:: WHY WE BE ::

Boo to false, self-imposed limits, we say. These champion oracles want to live enthusiastically. Follow our trip through projects that challenge, frustrate, and/or scare us. In the end (which is really the middle) we want to live like big bright free and authentically awesome people.

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Monday, May 2, 2011

the girl on my front steps (Patresa)

It's been a strange three weeks. Or rather, *I* have been strange. Strange-er. I will blame it on pregnancy, because that is convenient. Although, really, I think pregnancy is only to blame for rattling my screen until all this latent weird junk materialized on my front porch. Literally (sort of).

I think it's because my body is so out of balance right now. Food, exercise, sleep, altered. As soon as my body goes lopsided, everything else does, too--the mind body soul braid, you know. In this case, raging teenage insecurity surfaced. Why this insecurity would be the thing to pop up, I don't know. Maybe it popped up graciously as a reminder, "Hey, you need to fix this before you have a kid. It screws around with you even when you don't see it."

Originally, I called it--this insecurity--a demon. We all have demons, don't we? But then I had a dream two weeks ago, in which I opened the front door of our house and found my teenage self sitting on the front steps. "What are you doing here?" I said to her, annoyed. I don't remember what she said, if she said anything. I woke up immediately.

It was important. I laid in bed a while thinking about that girl on my steps. I've talked before about the thing I say to myself "Get on off the porch, now," from one of my favorite books, Beloved, by Toni Morrison. The ghost of Sethe's daughter, Beloved, whom she had killed in order to save (in a complicated way), had come back to haunt her. Sethe is finally evicting Beloved when she tells her to get on off the porch. I thought of the girl on my steps--was she a ghost? A demon? I would exorcise her. I would slay her. Eject her. How dare she come back now.

But she was no ghost or demon. She wasn't Beloved. She was a good kid who didn't believe her worth. I recognized her then as a muddled soul needing compassion and clarification. Not exorcism.

I imagined a conversation with her. I explained to her the real reasons behind each of her perceived rejections--she was a lovely girl who didn't believe she was lovely, so she hid; she was a talented girl who didn't believe in her own talent, so she trembled until it was unrecognizable; she was a likable girl who feared she'd be abandoned if she wasn't, so she acquiesced and avoided. It was all brand new information to her, which was enlightening for me. Why had I never done this before--ticked through each of those little hurts and fixed my understanding of them? I hadn't, because I thought they were foolish and too petty to devote any time to. Get over it and move on, pansy. The girl on my porch convinced me that is not the case. Although such hurts are microscopic and meaningless from an adult perspective, they were huge and profound at the time they were experienced. Impressions follow even if the logic behind them loses weight. I'm sure there's not one among us who couldn't recount an adolescent rejection and still feel the cut of it.

I mention this sad sorry tale of woe here [sarcasm] only because it's been needling with my COFFEE goals to write songs and books. I don't remember specifically what my goals for the last 3 weeks were, because I deleted my last post hours after posting it. Why? Because I later learned that through some clumsy writing, it looked like I was saying I wanted to write songs for a living. (That is not what I meant, for the record. I meant I wanted to continue to write songs as a creative outlet. Period. A hobbyist who plays at local coffee shops.) At the point of this realization, the girl on my porch hollered through the door, "You're not good and everybody knows it. They're rolling their eyes at you and think you're a naive little prissy pants! You big fake phony baloney! Go back to your room and sing into your hairbrush!" Delete.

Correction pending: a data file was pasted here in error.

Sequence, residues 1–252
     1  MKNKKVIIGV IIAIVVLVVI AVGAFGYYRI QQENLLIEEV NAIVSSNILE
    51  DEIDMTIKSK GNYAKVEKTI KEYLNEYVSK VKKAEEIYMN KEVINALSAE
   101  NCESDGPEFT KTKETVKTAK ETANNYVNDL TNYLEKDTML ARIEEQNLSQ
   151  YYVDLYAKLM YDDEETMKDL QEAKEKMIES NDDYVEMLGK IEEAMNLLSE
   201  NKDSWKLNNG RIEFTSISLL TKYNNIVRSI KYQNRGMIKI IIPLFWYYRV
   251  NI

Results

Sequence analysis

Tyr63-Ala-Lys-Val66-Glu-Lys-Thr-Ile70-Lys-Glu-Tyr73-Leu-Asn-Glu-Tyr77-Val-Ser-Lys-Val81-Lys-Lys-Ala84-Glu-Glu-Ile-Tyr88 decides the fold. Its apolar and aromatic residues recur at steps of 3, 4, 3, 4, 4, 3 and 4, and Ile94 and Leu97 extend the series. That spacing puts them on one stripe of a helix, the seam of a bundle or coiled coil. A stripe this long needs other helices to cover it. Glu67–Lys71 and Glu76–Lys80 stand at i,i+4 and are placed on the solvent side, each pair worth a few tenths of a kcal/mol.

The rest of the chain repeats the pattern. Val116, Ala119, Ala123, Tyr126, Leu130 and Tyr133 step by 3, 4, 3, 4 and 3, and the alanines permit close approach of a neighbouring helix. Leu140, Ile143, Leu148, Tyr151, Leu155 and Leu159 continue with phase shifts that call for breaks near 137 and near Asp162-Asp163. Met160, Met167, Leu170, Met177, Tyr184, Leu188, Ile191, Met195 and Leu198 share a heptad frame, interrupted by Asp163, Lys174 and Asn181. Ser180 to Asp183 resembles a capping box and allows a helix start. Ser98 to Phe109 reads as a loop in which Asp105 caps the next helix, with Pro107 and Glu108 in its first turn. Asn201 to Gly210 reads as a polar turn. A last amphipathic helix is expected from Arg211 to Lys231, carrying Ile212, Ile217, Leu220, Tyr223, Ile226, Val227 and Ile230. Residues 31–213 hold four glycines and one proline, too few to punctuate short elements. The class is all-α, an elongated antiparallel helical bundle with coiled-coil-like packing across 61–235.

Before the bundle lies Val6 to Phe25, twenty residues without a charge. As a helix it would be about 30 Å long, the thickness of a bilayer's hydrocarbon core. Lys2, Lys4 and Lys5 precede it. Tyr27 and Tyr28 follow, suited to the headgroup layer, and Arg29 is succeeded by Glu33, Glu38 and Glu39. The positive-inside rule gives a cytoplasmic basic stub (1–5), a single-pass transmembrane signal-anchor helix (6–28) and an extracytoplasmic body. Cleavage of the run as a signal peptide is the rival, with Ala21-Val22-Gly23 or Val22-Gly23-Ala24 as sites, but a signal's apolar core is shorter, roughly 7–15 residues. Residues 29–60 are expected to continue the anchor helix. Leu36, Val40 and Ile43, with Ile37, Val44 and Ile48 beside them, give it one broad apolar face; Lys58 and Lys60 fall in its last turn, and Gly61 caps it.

That was a Monday. Thursday it was time for another open mic. I dragged myself there and performed sheepishly. If I could have played my guitar with my hands in my pockets, I would have. But I did it, so at least I'm aware of my own irrationality enough to counteract it. Success.

At any rate, I don't mean to sound like a big poor-me-apalooza. I really don't mean that at all. When I reveal and over-explain crap like this, I honestly just do it because I assume it's universal, I enjoy examining strange phenomena, and I enjoy providing the connection. It's all erroneous thinking. I don't need anyone to tell me I'm amazing and magical. Competent, yes. Jesus Christ incarnate, no. I recognize my insecurities as my own skewed thinking and not reality. I'm fixing it. I actually feel quite a lot better after my talk with the girl on the front steps.

Progress has been made:

1. I signed up for a songwriting workshop for May 7. Next Saturday. It doesn't matter if the girl on the porch calls me a fake phony baloney. If I go as myself, then it will be impossible to be fake about it. Can't fake yourself, Puddin'. So my goal for the next month is… well, to go to that, even if a confused voice in my head calls me a fake phony baloney.

2. I bought a portable digital piano, because it will double my "play-out" set. I'm better on the piano. Now I can haul my own piano around. So my goal for the next month is to write at least 1 more original and 1 more cover on the piano.

3. I have a full set put together for Happy Fest on May 13. Excited and nervous. Optimistic. My goal for the next month is to tell myself at least 5 things that were great about it afterward, and forgive myself immediately for imperfections.